My professional interests center around Early Paleozoic strata and undergraduate education. Fortunately, the Lexington area offers plenty of both strata and undergraduates!
I study one of the most overlooked, neglected, and generally-considered-to-be-boring fossil groups, the linguliform brachiopods. I am working on a long term project documenting how the brachiopods responded to a series of 4–5 trilobite extinction events during the Late Cambrian–earliest Ordovician. Not only is extinction inherently fascinating, but this work may help explain the lull in diversification seen during this time, sandwiched between the Cambrian Explosion and the Great Ordovician Biodiversification Event.
By focusing on a group of organisms few others study, I constantly make interesting discoveries. I was able to document that lingulid brachiopod larvae were being attacked by shell-breaking predators from early on in their history and that they sometimes survived that attack. I have also documented an interesting case of burrowing lingulids that were buried during a storm, burrowed upward to escape, but encountered the ubiquitous Ordovician brachiopod Rafinesquina, whose concave-downward shape caused the lingulids to concentrate under its shell, unable to go any further. It has long been recognized that ecosystems can be affected by the accumulation of shells ("taphonomic feedback"). This story led to a new idea, which is that the evolution of organisms as well as ecosystems may be affected not just by day-to-day interactions between organisms and shells, but by interactions during events like storms, that occur less commonly but make major changes to the ecosystem.
A good paleontologist is also a stratigrapher, and I have become involved in various stratigraphic projects as well, such as helping to determine the position of the Cambrian-Ordovician boundary in poorly-studied areas of southern Nevada, participating in a proposal to define the global Cambrian Stage 9/10 boundary in western Utah, and helping to document continuous sedimentation through the Sauk-Tippecanoe megasequence boundary in western Utah (an interval represented by an unconformity in most locations in North America). Since moving to Kentucky, I have also become involved in an effort to intensively study the Cincinnatian (Ordovician) peritidal facies of the area in an effort to understand the role of sea level fluctuation in producing the characteristic cyclic sedimentation patterns seen in the Cincinnatian.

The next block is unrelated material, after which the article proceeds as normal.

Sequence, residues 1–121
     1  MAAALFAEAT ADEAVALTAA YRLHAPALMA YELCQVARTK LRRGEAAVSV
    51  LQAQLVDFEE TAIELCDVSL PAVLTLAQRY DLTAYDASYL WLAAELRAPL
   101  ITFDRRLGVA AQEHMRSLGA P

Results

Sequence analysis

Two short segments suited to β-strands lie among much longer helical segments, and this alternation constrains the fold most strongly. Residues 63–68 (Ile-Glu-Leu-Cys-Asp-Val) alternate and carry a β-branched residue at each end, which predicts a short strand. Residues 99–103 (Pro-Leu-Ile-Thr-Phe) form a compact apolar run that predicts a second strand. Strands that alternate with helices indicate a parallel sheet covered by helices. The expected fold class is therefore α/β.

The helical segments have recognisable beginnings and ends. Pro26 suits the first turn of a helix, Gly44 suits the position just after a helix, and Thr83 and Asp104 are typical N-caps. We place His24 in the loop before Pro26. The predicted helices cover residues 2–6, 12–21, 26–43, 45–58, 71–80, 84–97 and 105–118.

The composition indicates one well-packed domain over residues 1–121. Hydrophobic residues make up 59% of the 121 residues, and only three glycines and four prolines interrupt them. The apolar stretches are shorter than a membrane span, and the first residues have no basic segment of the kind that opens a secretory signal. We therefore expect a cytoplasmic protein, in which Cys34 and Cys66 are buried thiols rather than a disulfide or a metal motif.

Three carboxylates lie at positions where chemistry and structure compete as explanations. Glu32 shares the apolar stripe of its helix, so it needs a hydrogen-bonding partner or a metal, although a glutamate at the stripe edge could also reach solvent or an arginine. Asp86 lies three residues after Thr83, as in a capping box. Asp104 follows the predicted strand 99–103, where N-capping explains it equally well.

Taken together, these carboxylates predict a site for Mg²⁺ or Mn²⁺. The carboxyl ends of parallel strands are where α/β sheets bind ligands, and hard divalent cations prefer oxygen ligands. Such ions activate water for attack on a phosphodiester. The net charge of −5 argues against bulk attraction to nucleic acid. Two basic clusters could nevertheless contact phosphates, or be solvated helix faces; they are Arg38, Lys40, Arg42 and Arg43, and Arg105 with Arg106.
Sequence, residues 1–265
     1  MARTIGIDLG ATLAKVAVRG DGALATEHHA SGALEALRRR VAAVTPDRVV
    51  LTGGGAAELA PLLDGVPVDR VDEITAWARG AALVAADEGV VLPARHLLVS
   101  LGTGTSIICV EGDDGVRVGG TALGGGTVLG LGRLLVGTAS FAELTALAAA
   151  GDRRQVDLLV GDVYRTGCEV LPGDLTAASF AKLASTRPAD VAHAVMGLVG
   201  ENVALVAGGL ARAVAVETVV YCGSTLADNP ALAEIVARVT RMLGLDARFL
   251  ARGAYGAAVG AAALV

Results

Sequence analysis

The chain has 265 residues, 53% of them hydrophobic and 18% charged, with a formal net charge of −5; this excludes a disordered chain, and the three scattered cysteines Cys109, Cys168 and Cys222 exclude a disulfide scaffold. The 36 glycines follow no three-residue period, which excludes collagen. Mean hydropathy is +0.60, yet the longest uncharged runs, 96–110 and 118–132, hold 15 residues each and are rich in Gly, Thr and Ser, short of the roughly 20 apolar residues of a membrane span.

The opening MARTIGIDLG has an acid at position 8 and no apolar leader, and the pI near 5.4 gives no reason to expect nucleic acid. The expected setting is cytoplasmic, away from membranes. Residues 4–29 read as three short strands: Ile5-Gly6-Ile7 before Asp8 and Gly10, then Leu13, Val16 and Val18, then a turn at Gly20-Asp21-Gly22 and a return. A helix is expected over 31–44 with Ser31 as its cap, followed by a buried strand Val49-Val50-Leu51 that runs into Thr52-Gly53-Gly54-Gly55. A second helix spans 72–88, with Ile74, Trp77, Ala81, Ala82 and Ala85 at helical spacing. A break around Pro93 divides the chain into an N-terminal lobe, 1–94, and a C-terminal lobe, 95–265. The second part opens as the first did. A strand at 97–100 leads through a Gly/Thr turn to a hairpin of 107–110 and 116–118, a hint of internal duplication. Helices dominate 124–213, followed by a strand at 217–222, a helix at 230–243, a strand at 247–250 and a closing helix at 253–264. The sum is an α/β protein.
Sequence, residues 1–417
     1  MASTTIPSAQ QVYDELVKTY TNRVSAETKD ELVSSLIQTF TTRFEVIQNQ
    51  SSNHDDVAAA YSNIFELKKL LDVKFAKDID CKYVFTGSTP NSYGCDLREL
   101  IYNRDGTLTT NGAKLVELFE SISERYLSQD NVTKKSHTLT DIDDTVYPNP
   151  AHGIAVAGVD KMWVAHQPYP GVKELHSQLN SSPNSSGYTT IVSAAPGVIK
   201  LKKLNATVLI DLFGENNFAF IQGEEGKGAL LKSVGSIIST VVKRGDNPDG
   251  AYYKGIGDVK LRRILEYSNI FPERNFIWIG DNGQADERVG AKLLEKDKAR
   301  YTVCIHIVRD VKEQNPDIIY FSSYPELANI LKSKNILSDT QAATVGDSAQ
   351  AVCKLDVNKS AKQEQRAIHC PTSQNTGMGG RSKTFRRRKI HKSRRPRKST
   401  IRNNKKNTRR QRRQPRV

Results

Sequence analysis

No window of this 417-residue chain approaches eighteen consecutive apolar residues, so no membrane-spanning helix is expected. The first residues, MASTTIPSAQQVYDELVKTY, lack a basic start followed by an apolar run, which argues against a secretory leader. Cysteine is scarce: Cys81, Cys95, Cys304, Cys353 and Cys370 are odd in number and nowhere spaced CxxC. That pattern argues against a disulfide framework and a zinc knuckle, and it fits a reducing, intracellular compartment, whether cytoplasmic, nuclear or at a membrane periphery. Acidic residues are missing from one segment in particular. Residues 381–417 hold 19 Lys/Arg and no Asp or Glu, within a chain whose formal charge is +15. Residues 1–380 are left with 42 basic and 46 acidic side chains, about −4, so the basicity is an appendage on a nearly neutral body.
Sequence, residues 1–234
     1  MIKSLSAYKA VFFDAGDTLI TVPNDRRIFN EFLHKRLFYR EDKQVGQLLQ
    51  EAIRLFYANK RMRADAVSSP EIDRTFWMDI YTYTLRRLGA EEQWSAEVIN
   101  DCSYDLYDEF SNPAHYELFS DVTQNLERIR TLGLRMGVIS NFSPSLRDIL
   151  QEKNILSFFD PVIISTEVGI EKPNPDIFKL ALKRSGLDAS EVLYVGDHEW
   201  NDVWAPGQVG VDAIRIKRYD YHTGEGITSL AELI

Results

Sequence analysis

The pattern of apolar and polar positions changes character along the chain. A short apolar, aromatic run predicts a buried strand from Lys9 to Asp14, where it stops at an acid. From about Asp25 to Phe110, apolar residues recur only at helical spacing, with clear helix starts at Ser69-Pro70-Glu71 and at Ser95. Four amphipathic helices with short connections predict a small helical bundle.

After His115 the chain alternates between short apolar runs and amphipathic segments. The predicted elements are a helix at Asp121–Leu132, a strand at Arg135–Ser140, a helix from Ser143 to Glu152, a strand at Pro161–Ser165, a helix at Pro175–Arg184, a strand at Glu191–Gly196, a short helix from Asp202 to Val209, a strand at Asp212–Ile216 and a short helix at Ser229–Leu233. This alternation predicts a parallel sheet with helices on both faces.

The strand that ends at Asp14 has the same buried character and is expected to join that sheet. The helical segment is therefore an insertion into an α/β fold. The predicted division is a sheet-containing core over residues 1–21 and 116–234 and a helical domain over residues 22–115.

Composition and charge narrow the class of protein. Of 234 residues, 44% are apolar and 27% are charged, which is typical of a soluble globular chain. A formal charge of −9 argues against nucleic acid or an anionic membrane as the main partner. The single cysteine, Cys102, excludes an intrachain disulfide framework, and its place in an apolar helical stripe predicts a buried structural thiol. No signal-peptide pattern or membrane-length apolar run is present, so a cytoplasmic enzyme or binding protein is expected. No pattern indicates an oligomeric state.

My twin passion in life is undergraduate education. I enjoy teaching a variety of classes designed for both majors and non-majors. I try to encourage the majors to develop a solid foundation for their careers as geologists. At the same time I encourage the non-majors to gain a sense of understanding and respect for science even if they never take another science class. Of course, I sincerely hope to convince them to change their majors.
PUBLICATIONS: PAPERS (*student co-author)
Miller, J.F., Dattilo, B.F., Ethington, R.L., and Freeman, R.L. 2015. Polyfocal photos of microfossils using petrographic microscopes. Annales de Palaeontologie.
Miller, J.F., Evans, K.E., Freeman, R.L., Ripperdan, R.L., and Taylor, J.F. 2014. The Proposed GSSP for the base of the Lawsonian Stage (Cambrian Stage 10) at the First Appearance Datum of the conodont Eoconodontus notchpeakensis (Miller, 1969) in the House Range, Utah, USA. GFF.
Freeman, R. L., B. F. Dattilo, *A. Morse, *M. Blair, S. Felton, and J. Pojeta, Jr., 2013. The Curse of Rafinesquina: Negative taphonomic feedback exerted by strophomenid shells on storm-buried lingulids in the Cincinnatian Series (Katian, Ohio) of Ohio. PALAIOS, 28, 359-372. http://opus.ipfw.edu/geosci_facpubs/59/
Freeman, R. L. and J. F. Miller, 2011. Lingulate brachiopods from the Upper Cambrian (Sunwaptan) Hellnmaria Member of the Notch Peak Formation, western Utah. Memoirs of the Association of Australasian Paleontologists 42, 37–74.
Miller, J. F., K. R. Evans, R. L. Freeman, R. L. Ripperdan, and J. F. Taylor 2011. Proposed stratotype for the base of the Lawsonian Stage (Cambrian Stage 10) at the First Appearance Datum of Eoconodontus notchpeakensis (Miller) in the House Range, Utah, USA. Bulletin of Geosciences86(3):595–620. http://www.geology.cz/bulletin/contents/art1255
Freeman, R. L. and J. F. Miller, 2011. First report of a larval shell repair scar on a lingulate brachiopod: Evidence of durophagous predation in the Cambrian pelagic realm? Journal of Paleontology 85(4), 697–704.
Freeman, R. J., and Stitt, J. H. 1996. Upper Cambrian and lowest Ordovician articulate brachiopods from the Arbuckle and Wichita Mountains, Oklahoma. Journal of Paleontology 70(3),355–372.
PUBLICATIONS: ABSTRACTS (Last 3 to 4 years)
Dattil, B. F., Reeder, J., Freeman, R. L., and Argast, A. 2015. Ordivician small shelly fauna from the Elgin Member of the Maquoketa: Ecologically dwarfed or taphonomically biased? Geological Society of America, Programs with Abstracts
Freeman, R. L., Ethington, R. L., Miller, J. F., and Dattilo, B. F., 2014, Tectonic complications in correlating the Sauk-Tippecanoe megasequence boundary between western and eastern Laurentia: clues from conodont biostratigraphy. Geological Society of America, Programs with Abstracts